ifs.exceptions(ifstream::eofbit | ifstream::failbit | ifstream::badbit);
ifs.open(filename.c_str());

// Now, if anything goes wrong with the loading, an exception will be thrown.
// Although we have to do that manually for testing the header :)
// For now, we will reject "raw" dumps without a header.
if (readValue<int>(ifs) != 0x1A53454E) {
throw ifstream::failure("not an iNes ROM");
}

// Set up our rom pages.
program_data.resize(readValue<char>(ifs));
video_data.resize(readValue<char>(ifs));

char config[4];
readArray<char>(ifs, config, 4);
// To interpret that data, we make *member functions* that rearrange the bits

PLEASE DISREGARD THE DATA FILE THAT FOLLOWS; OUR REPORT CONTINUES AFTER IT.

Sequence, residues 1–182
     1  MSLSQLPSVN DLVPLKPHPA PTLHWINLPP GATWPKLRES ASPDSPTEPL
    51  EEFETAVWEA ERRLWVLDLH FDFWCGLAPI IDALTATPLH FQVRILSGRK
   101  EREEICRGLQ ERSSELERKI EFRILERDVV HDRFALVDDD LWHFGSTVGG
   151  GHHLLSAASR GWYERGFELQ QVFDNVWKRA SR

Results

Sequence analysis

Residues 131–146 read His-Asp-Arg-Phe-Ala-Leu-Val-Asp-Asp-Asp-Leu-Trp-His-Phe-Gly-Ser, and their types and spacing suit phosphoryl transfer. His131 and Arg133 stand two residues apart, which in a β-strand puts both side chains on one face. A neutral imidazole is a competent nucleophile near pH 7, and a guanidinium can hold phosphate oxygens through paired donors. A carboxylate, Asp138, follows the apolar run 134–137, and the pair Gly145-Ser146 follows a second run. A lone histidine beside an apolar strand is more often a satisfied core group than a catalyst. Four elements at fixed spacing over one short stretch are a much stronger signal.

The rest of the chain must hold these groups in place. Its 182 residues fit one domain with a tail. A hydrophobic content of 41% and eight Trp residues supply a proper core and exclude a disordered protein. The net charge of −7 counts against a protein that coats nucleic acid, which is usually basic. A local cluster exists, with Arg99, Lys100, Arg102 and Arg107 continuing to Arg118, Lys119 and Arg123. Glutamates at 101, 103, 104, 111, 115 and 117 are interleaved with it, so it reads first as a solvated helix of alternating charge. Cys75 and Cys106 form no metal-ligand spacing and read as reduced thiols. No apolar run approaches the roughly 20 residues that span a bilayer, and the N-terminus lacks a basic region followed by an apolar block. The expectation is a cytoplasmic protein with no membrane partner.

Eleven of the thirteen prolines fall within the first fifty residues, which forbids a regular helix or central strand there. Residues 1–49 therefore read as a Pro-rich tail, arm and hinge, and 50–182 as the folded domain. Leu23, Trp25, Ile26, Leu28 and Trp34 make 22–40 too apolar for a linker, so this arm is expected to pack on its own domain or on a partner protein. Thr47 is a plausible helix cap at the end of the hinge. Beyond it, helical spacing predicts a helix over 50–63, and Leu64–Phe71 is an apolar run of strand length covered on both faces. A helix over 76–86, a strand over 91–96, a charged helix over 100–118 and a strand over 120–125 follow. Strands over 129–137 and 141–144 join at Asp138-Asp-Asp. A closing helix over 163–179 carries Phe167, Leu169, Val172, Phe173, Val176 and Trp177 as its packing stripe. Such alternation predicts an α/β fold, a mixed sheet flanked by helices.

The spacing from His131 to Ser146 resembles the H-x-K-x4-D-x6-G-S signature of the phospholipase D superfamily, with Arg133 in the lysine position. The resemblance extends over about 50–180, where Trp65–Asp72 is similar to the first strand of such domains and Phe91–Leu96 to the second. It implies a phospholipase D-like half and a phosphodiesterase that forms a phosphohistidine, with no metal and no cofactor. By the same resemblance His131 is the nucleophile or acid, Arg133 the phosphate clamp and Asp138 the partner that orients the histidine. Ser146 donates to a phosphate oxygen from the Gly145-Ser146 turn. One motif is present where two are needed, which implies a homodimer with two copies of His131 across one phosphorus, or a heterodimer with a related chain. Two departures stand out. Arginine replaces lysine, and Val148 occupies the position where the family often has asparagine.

// and report an appropriate value.
// e.g.
// bool ROM::isVerticallyMapped() { return config[0] & 0x01; }
// But we should ONLY do that for things that calling code will care about.
// (Or at least, make the others private.)
// The calling code should NOT have to check what the "mapping" is in order
// to get at data; the file loading and/or access functions should apply
// the mapping.

// Check that there are 6 zero bytes.
const int padding = 6;
char reserved[padding];
readArray<char>(ifs, reserved, padding);
for (int i = 0; i < padding; ++i) {
if (reserved[i]) {
throw ifstream::failure("not an iNes ROM");
}
}
// FIXME: Also check for required zero bits in the other four bytes.

// THEN, read the whole rest of the file and store "pages" in the vectors.
// Use the config information to apply whatever part of the "mapping" work
// makes sense at this point.
}